The paper presents preliminary findings based on one year field-work in a Danish suburban middleclass neighborhood, consisting of participatory observations, symptom diaries and repeated interviews with members from 15 households.Inspired by current writings within 'anthropology of sensations', this paper explores bodily sensations as socially and culturally embedded experiences. It suggests that sensations are given meaning through complex ongoing interactions between the physical body and the everyday life that people lead, consisting of multiple interests, concerns, activities and forms of knowledge. In particular, the paper will focus on the different kinds of knowledge and discourse about the body available, and how they feed into or 'transform' semantically unstable sensations into more stable signs of illness considered to be either nothing to worry about at the moment or in need of further explanation and relief.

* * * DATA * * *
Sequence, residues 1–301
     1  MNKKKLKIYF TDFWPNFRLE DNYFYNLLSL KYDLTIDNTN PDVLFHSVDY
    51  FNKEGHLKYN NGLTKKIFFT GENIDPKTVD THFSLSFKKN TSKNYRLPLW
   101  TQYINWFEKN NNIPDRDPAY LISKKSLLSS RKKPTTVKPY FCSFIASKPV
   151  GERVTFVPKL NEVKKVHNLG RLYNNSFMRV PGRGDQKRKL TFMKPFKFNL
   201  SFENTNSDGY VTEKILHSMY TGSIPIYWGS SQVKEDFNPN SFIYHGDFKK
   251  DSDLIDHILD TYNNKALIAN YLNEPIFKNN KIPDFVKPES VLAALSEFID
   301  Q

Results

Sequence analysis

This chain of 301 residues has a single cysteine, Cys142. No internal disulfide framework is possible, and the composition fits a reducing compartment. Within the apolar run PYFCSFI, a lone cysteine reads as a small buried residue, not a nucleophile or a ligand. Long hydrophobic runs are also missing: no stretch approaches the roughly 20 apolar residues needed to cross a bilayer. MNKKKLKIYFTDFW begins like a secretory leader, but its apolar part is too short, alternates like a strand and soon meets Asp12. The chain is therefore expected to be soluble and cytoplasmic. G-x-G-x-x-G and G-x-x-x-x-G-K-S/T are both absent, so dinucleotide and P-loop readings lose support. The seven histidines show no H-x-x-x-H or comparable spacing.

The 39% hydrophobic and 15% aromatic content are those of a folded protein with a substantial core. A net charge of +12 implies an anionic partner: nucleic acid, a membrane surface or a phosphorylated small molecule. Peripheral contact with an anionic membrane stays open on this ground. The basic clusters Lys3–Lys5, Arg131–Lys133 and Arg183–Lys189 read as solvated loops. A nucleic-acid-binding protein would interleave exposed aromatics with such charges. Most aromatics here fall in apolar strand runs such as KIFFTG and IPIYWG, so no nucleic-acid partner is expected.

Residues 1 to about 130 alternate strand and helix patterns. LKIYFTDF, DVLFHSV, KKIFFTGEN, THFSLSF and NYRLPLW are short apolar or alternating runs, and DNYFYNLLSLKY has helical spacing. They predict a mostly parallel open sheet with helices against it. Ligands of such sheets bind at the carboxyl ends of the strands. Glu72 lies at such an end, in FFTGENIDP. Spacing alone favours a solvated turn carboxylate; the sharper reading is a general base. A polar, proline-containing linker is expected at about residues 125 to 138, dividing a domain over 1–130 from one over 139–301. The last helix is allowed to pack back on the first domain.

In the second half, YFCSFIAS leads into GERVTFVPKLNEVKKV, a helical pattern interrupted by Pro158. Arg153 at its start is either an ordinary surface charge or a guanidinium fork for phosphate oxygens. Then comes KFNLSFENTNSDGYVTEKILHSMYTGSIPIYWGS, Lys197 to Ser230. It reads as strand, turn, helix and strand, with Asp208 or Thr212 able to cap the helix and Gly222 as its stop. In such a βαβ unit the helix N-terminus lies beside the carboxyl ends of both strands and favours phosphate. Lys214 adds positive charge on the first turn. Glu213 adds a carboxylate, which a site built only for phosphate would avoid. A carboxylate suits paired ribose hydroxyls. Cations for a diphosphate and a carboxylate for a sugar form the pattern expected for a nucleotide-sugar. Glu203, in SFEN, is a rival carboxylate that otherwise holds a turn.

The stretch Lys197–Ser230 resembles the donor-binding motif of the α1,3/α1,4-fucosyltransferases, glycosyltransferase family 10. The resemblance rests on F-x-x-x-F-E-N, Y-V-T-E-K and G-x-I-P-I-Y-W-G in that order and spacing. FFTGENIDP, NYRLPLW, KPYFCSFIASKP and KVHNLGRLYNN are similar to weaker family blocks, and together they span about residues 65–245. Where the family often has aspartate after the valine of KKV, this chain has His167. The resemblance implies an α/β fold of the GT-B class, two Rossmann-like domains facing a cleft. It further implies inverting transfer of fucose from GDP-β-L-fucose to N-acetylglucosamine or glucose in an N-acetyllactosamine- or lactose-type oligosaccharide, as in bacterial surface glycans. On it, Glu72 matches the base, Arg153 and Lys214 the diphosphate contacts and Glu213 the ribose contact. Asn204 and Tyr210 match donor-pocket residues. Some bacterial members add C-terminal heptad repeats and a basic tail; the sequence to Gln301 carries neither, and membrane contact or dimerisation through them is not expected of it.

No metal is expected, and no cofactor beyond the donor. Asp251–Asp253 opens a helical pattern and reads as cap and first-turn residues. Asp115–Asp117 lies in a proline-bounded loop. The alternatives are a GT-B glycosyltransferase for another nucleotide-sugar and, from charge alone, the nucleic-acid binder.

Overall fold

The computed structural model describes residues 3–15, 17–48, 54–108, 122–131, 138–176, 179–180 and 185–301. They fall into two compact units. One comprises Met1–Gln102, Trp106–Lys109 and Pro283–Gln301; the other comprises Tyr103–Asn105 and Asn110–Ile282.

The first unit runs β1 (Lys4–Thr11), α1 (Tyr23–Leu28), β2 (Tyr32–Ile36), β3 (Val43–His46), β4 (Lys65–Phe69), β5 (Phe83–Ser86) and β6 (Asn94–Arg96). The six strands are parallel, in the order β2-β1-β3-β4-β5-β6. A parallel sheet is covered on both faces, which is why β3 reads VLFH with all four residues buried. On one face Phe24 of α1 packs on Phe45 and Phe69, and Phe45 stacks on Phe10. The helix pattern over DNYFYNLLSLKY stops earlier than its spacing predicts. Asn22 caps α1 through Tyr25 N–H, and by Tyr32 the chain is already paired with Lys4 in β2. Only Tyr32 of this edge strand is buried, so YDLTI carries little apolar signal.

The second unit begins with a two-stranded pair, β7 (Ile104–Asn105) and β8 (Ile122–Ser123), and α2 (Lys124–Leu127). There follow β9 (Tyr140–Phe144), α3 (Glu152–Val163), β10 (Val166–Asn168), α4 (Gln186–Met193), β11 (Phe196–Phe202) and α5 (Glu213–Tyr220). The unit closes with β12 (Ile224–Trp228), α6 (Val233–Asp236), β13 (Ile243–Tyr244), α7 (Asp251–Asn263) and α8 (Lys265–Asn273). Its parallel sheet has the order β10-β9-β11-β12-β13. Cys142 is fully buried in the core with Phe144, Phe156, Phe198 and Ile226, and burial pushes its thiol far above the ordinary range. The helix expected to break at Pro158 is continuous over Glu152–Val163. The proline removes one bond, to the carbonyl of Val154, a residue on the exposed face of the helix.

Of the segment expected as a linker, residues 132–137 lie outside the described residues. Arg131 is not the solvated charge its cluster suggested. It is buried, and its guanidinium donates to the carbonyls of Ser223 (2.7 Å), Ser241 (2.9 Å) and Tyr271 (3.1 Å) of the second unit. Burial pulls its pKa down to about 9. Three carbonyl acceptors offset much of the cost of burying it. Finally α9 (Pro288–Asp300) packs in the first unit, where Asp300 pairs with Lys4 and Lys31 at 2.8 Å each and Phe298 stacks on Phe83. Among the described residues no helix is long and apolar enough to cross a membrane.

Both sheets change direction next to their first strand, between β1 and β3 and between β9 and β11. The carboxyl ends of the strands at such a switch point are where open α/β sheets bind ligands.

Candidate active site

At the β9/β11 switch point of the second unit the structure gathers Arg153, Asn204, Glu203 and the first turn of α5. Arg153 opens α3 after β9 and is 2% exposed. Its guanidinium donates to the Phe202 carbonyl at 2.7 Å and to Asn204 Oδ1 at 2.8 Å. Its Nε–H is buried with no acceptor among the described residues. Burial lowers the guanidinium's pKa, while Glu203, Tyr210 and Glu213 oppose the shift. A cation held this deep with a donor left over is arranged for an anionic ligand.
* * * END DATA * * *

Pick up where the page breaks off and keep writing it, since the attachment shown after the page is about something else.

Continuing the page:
Reflections on the meanings, interpretations and impact of chest pain
This paper examines the experiences of people visiting rapid access chest pain clinics, the meanings that are co-created and the evolving impact, adjustments and continued uncertainties that people undergo.